The International Monetary Fund disagreed with the 2020 economic forecast of the Ukrainian government. In its revised outlook, the IMF projected Ukraine’s GDP drop at 7.7%, nearly twice higher than the 3.9% announced by the Prime Minister Denys Shmyhal, and planned in the sequestered national budget adopted on Monday.
Meanwhile, the IMF issued a positive forecast for 2021, projecting GDP growth at 3.6%, which is actually logical, given the low comparison base laid for 2020.
The IMF also did not agree with Ukraine’s estimate of the national budget deficit: the fund’s forecast for 2020 is a third lower than that made by the Ukrainian government – at 8.2% of the GDP. In 2021, the deficit is expected to decrease to 5.3%. For better understanding, Ukraine finished 2019 at the deficit level of 2% of the GDP.
Theoretically, the deficit of the Ukrainian national budget should be covered this year through an increase of the national debt. It is difficult to imagine now, however, who will dare to subsidize our country. The Cabinet of Ministers openly announced that they planned a tranche under the IMF loan in the revised 2020 budget. However, it is rather unclear whether we will get the tranche.
Budget proceeds plan also envisions rather large domestic borrowings, which none of the key players of the domestic government bond market are willing to provide to the Ministry of Finance for the third week straight. More specifically, the Ministry of Finance wants to borrow at 11-13% annual interest, while the market players are ready to provide financing at 20%, which makes it a rather significant price discrepancy. The government continues to postpone its borrowings, as nobody is willing to lend money at low interest. The only possibility to organize everything quickly is to considerably raise the expenditures for the servicing of the domestic national debt or force state-owned banks to purchase government bonds with the help of the National Bank, which essentially means to launch hryvnia emission.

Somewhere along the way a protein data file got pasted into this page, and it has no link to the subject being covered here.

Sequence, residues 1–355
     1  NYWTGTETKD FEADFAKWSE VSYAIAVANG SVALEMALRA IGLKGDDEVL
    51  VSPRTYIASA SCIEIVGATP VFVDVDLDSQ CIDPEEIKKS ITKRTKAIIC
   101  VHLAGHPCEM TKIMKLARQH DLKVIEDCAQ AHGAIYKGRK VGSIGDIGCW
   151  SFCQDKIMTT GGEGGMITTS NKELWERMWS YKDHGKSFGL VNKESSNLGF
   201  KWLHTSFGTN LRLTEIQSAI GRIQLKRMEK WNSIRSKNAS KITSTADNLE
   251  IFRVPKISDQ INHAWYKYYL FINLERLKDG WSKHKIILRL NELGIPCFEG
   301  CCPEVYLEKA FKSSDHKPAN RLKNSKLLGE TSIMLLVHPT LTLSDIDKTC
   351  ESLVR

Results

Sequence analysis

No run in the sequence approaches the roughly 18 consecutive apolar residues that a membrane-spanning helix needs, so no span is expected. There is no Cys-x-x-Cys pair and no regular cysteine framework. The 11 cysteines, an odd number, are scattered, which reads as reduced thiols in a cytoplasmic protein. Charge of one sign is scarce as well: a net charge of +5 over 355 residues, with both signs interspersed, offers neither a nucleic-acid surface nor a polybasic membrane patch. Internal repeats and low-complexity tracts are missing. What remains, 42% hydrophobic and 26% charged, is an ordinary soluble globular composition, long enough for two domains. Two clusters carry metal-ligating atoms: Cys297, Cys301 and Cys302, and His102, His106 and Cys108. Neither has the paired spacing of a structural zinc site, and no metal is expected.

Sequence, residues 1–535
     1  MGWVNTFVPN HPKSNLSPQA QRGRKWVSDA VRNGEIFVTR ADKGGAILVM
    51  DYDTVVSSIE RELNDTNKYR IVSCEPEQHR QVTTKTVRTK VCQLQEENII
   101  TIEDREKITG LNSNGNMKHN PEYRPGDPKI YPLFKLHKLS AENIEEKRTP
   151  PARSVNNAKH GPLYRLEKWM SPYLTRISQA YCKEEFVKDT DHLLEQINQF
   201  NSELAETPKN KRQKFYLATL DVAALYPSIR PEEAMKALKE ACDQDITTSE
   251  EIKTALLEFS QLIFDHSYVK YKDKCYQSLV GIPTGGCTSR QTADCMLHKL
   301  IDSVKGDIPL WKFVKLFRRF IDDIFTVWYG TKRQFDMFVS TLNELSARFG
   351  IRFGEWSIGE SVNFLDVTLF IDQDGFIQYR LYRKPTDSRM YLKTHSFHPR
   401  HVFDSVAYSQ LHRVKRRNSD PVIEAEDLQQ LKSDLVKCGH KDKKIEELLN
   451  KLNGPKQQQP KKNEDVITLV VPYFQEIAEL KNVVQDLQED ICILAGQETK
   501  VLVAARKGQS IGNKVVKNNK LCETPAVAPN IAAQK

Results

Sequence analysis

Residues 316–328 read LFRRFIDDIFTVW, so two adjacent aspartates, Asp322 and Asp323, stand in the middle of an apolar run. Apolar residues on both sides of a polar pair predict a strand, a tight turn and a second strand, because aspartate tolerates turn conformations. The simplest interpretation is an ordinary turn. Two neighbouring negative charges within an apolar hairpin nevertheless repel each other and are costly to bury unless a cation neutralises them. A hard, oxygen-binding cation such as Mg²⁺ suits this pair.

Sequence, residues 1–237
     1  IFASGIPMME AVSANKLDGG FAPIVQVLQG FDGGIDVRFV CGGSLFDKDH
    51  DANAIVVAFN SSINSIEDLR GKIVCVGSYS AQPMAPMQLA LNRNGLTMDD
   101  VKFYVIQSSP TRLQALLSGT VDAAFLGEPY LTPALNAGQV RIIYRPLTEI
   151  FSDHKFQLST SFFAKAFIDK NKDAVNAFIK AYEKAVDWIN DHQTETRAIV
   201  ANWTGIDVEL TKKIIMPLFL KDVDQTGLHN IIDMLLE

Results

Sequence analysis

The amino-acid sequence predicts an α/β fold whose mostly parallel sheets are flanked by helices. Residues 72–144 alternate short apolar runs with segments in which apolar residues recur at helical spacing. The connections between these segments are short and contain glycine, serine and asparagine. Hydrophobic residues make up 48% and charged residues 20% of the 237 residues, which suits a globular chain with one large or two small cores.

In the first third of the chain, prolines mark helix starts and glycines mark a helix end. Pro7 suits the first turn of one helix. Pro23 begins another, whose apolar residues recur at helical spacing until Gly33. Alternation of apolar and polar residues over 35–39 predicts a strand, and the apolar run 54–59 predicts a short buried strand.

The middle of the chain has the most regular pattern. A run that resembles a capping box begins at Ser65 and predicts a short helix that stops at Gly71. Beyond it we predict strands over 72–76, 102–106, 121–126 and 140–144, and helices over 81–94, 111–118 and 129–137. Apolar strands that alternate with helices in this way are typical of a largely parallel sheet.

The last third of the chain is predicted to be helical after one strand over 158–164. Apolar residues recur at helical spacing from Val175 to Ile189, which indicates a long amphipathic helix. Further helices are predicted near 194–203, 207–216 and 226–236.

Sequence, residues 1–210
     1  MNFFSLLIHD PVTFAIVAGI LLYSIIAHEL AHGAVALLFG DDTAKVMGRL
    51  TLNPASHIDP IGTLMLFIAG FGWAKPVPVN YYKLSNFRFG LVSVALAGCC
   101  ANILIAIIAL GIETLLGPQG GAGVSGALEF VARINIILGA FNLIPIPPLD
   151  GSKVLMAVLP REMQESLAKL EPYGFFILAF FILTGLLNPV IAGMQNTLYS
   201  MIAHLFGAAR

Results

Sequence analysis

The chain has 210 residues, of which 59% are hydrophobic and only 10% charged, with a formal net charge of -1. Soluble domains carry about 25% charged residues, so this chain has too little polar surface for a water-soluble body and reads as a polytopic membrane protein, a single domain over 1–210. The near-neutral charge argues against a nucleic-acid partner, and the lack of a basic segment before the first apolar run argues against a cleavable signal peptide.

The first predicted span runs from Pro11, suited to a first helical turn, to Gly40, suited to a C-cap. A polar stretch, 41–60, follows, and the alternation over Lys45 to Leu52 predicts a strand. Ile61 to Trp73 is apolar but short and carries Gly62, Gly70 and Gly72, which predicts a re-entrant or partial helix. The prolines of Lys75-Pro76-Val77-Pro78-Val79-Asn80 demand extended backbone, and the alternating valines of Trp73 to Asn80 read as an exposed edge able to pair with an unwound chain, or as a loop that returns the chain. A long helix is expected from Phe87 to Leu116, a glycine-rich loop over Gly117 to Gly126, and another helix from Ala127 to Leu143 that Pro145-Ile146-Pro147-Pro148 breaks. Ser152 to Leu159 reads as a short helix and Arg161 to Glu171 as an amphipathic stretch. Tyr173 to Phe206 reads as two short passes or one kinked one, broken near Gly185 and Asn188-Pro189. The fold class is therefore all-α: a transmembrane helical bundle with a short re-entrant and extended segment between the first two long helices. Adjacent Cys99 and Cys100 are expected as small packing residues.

The NBU board is not resorting to open emission – to direct purchase of government bonds by the NBU. There is information, however, that the NBU is preparing a major refinancing of the state-owned banks. They will start financing the budget. In other words, there will be the emission, but only via intermediaries. The NBU officials are simply trying to deceive the public and divert people’s attention.
Another IMF forecast did not coincide with the expectations of the government. The creditor expects unemployment in Ukraine at the level of 10.1% in 2020, while the Cabinet of Ministers relies on 9.4%.
The new IMF loan programme for Ukraine is the most talked about topic right now, and not only in media, but also in the parliament, the government and the office of the president. The officials are shouting from every corner that the new programme requires adoption of the new law on banking activity by the Verkhovna Rada. That being said, few people truly studied the proposed document.
“The Main Scientific-Expert Department of the Verkhovna Rada issued a clear conclusion on this draft law – it is unconstitutional. Meanwhile, it is being lobbied by the IMF to avoid the NBU board together with Poroshenko that covers for it ending up on the defendants’ bench, in the case of a global banking fraud for the amount of USD 20 billion, which happened in Ukraine. This amount was misappropriated in the course of the 2014-2016 fraud, and was later either moved abroad, or resold to own companies. The new banking law is required so that nobody can challenge the actions of the NBU – bank owners or, most importantly, their depositors, so that the people could not win back their deposits by court actions, when the banks stop releasing them from the accounts or when there is a prohibition on receiving hard currency. In case of the adoption of the new law, nobody will be able to challenge anything in courts. This is a law against Ukrainian depositors,” MP Aleksandr Dubinsky commented on the document.
Andrey Pshenichniy for dubinsky.pro